Defoliation and fertiliser influences on the soil microbial community associated with two contrasting Lolium perenne cullivars

L M Macdonald, E Paterson, L A Dawson, Allan James Stuart McDonald

Research output: Contribution to journalArticle

14 Citations (Scopus)

Abstract

The influence of repeated defoliation on soil microbial community (SMC) structure and root turnover was assessed in two contrasting Lolium perenne cultivars (AberDove and S23) grown in fertilised (+F) and non-fertilised (NF) soil. BiOLOG sole carbon source utilisation profiles (SCSUPs) indicated consistently greater potential carbon utilisation in defoliated (+D) compared to non-defoliated (ND) soils regardless of cultivar and fertiliser, and was accounted for in a variety of substrate groups (sugars, carboxylic, amino and phenolic acids). Potential carbon utilisation was also stimulated in +F compared to NF soils, primarily through increased potential utilisation of carboxylic acids. PLFA indicators for the bacterial biomass did not significantly differ between cultivar, soil fertilisation, or defoliation. Defoliated swards grown in fertilised soil (+F+D) had a higher fungal: bacterial ratio and a greater bacterial stress index (cy19:0/18:1 w7c), compared to that of +F ND, NF ND and NF+D, and regardless of cultivar. Overall SMC structure (canonical variate (CV) analysis of PLFAs) discriminated based on cultivar, defoliation and soil fertilisation. Primary discrimination of the SMCs could be related to differences in root density and total plant biomass, and in the case of NF soils, secondary community shifts, evident with defoliation, related to root disappearance over the growing season. Despite the strong common effects of defoliation, and to a lesser extent soil fertilisation, cultivar specific drivers of the soil microbial community were maintained, resulting in consistent, but subtle, discrimination of the SMC associated with the contrasting L. perenne cultivars. (c) 2005 Elsevier Ltd. All rights reserved.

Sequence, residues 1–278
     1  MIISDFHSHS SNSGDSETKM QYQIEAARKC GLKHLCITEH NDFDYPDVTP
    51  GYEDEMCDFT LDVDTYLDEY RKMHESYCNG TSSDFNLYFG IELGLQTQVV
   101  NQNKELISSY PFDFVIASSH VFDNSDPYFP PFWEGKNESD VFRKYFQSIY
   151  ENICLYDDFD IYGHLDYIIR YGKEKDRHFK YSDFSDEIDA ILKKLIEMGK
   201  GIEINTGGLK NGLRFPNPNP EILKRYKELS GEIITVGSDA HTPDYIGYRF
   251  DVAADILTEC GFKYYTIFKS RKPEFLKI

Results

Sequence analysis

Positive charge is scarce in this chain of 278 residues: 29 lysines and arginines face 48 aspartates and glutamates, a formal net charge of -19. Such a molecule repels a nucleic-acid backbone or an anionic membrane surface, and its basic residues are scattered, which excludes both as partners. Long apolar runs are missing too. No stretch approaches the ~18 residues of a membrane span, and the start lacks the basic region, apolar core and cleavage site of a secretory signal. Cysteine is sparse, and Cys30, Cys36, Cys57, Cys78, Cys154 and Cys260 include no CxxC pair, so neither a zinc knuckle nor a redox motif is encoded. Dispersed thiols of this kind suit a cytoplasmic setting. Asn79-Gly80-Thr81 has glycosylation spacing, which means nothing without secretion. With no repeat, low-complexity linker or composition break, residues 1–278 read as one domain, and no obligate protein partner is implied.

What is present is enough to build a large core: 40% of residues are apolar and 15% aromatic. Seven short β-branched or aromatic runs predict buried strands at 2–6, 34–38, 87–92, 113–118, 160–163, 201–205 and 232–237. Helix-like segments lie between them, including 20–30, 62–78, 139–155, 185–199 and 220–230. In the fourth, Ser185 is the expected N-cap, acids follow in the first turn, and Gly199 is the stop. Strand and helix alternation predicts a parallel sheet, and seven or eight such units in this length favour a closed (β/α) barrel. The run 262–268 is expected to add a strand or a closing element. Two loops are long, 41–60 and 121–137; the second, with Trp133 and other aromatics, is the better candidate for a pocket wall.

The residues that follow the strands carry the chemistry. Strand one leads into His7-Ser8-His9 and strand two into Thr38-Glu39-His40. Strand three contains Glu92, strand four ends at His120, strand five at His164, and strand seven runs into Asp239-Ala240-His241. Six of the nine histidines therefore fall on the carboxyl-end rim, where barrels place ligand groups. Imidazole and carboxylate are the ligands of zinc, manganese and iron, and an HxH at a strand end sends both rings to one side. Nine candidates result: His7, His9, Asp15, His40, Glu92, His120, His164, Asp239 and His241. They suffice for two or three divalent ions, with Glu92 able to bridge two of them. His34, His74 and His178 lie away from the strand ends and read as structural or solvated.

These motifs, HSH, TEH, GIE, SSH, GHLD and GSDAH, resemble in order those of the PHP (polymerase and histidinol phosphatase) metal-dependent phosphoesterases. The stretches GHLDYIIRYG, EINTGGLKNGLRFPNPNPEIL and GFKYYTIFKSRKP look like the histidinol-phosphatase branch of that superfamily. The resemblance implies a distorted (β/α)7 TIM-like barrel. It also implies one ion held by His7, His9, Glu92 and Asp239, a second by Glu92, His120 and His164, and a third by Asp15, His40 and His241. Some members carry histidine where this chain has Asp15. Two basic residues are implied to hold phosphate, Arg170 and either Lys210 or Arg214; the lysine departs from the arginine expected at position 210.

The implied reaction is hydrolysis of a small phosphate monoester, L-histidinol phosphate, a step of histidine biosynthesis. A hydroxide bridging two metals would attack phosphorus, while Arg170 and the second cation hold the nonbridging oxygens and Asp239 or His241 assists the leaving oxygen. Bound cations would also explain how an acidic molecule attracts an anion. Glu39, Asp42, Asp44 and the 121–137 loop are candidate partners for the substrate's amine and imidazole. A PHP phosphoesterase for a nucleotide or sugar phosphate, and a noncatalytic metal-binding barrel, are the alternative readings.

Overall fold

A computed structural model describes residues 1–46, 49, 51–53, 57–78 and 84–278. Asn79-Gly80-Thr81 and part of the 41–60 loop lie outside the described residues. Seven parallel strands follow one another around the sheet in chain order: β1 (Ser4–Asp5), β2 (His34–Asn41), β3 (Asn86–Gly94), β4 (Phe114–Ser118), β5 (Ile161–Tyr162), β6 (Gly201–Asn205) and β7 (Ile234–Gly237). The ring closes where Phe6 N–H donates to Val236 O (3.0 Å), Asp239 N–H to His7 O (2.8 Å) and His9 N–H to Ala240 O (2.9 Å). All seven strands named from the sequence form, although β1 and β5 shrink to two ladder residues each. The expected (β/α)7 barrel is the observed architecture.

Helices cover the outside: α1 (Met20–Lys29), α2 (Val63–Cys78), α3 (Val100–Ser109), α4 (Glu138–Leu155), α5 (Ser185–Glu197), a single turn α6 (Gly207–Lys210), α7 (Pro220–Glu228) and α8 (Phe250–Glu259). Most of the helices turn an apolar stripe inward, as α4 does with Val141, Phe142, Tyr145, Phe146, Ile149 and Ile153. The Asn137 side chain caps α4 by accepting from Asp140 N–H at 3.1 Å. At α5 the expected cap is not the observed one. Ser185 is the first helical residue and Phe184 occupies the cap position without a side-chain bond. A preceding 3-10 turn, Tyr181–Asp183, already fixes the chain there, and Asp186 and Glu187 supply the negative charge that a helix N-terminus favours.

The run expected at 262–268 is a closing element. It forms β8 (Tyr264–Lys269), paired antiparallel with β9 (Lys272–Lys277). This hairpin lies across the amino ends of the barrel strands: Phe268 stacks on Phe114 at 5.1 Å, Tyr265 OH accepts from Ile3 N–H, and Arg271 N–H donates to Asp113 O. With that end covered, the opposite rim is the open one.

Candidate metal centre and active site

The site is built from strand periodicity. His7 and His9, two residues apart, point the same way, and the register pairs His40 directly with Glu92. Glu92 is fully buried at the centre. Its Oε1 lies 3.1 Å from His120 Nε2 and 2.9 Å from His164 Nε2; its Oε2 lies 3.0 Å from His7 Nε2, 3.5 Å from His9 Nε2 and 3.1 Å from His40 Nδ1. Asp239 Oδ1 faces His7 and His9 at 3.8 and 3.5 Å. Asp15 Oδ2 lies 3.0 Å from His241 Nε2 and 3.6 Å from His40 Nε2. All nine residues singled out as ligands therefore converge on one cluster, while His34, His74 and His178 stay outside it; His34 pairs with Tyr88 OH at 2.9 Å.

Original languageEnglish
Pages (from-to)674-682
Number of pages9
JournalSoil Biology and Biochemistry
Volume38
Issue number4
DOIs
Publication statusPublished - Apr 2006

Keywords

  • cultivar
  • defoliation
  • grazed ecosystem
  • phospholipid fatty acids
  • root turnover
  • soil microbial community
  • upland grassland
  • root exudation
  • plant
  • ryegrass
  • nitrogen
  • rhizosphere
  • cultivars
  • responses
  • bacteria
  • biomass

Cite this